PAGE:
hundreds of millions of dollars to religious groups in order to administer
religion-saturated social programs, mocked evangelical Christians behind
their backs, and suborned this initiative on behalf of "compassionate
conservatism" into a cynical campaign to win elections for Republicans.
Churches and evangelical leaders who supported GOP candidates, along with
political kleptomaniacs like Tom DeLay, benefited from this government
There were "conferences" organized by the White House Office for Faith-Based
and Community Initiatives in districts where Republicans desperately needed
the support of evangelical voters.
It was a blatant quid-pro-quo. Grants to operate lucrative social programs
and proselytize the neediest, most vulnerable elements in our society in the
process, seemed to appear in tandem with those ballot initiatives against
gay marriage, or where candidates for public office were screeching the most
about "family values" and bringing the country "back to God."
In all of the buzz about the Kuo book, however, there are some glaring
points no one seems willing to discuss. ...
[A] shortcoming in Mr. Kuo's book is the implicit message that the federal
faith-based initiative was potentially a sound and appropriate social
experiment that fell captive to bureaucratic dysfunction and lustful
political ambition. He and stalwart supporters of the program may argue
that with sufficient oversight and in the hands of a less-craven and power
hungry administration, the effort to deal with social ills by distributing
tax money to churches and other houses of worship is not only worthy but
We must disagree here. Even if the faith-based initiative somehow avoided
the problems cited by Mr. Kuo or enumerated in the recent Government
Accounting Office report on accountability and oversight within the program,
it remains a constitutionally flawed and unfair idea. A "better"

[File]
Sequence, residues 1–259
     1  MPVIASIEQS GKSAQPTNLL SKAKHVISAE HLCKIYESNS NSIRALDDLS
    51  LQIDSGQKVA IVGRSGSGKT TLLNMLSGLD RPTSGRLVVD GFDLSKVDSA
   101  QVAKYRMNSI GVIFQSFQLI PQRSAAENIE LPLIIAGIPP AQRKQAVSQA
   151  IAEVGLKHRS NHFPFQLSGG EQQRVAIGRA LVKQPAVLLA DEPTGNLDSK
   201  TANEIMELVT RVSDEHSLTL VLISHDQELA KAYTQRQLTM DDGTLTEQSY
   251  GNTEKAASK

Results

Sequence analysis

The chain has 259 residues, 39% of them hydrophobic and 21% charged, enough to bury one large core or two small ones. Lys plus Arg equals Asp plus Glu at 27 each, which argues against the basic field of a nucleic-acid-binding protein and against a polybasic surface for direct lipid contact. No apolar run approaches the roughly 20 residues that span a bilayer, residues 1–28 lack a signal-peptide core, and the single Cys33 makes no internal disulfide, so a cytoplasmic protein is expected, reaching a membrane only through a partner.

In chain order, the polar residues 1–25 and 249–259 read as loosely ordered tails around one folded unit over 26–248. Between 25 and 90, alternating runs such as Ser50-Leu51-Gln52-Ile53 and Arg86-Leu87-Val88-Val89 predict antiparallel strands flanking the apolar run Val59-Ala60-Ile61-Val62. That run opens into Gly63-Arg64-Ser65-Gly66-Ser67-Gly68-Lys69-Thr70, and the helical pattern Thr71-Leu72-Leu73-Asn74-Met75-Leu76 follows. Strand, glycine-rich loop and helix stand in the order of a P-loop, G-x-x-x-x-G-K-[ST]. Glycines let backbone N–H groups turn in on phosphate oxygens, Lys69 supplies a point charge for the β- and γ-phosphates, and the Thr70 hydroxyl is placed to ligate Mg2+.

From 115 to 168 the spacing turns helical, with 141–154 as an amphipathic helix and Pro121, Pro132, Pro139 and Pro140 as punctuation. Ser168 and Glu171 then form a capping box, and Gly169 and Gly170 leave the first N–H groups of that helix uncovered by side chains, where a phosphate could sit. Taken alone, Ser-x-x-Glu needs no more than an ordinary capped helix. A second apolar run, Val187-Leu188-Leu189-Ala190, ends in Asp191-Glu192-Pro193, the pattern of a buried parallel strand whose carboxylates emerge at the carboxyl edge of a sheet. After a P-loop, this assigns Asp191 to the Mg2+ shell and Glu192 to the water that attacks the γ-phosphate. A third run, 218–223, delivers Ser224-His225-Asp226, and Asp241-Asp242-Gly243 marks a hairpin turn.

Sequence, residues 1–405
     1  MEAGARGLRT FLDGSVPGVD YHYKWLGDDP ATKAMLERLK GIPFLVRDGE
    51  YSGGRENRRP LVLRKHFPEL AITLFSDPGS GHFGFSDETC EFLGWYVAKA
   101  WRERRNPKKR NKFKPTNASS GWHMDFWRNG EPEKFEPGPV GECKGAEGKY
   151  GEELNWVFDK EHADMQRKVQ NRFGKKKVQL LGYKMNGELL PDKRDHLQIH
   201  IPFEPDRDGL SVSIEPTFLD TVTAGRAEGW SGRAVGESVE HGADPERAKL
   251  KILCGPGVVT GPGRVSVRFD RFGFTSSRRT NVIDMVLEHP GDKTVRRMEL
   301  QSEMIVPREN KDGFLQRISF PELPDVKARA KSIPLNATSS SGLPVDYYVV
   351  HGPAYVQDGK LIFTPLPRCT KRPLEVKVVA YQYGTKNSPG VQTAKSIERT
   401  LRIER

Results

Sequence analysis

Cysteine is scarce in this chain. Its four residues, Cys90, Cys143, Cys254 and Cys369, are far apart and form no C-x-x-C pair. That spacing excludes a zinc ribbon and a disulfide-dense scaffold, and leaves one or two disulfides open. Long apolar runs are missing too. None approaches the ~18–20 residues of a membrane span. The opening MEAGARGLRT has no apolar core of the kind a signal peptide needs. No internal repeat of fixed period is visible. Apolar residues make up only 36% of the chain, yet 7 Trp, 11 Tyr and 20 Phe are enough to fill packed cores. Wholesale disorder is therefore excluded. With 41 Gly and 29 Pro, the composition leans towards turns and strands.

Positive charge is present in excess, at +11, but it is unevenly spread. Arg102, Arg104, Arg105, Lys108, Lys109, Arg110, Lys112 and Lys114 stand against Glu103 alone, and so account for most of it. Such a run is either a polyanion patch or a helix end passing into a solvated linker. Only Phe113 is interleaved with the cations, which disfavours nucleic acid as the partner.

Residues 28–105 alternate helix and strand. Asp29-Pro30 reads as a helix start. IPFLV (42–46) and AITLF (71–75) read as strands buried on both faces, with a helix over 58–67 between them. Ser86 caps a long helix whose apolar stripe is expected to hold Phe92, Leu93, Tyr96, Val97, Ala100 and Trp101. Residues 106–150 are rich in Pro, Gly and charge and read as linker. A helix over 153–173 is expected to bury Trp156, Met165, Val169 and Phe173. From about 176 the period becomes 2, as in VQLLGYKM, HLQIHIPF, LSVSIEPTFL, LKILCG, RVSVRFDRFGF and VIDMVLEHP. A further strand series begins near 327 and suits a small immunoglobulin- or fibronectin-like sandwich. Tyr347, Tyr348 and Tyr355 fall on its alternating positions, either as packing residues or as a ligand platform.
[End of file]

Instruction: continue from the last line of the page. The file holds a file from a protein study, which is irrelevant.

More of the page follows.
faith-based initiative, whatever the bureaucratic criteria may be, still
extorts money from millions of Americans who are Atheists, Freethinkers,
Humanists or some other type of nonbeliever. It takes money from those who
do not embrace religious creeds, and gives it to churches and other
faith-based groups. It crosses a constitutional line dividing the spheres
of church and state, ultimately promotes religious faith, and amounts to a
"religion tax" on our citizenry.
The faith-based initiative should be dismantled not because it is
organizationally flawed, or lacks sufficient guidelines, or requires further
tinkering, but because it is unconstitutional and ethically wrong. It does
not matter that more churches, mosques or temples have yet to endorse it or
participate. Government has no business subsidizing religious groups in
such a fashion, even under the guise of "compassionate conservatism." If
the notion of "religious liberty" and the principle of freedom from
religious coercion mean anything, it must be a declaration that no man or
woman may be compelled by the state to believe in a particular creed, join a
certain congregation, or support a religious organization (and religious
belief in general) through taxation.
Mr. Kuo's book and the other revelations about the faith-based initiative
are welcome reminders that religion and politics can be an unstable and
socially deleterious alliance. It should surprise no one that the Bush
social experiment ultimately succumbed to political ambition and the hunt
for votes. Indeed, it was clear from the moment that President Bush
conjured the faith-based scheme into existence -- it has never been granted
approval from Congress -- using his power of Executive Orders, that the
coterie of priests, pastors, mullahs and other religious leaders supporting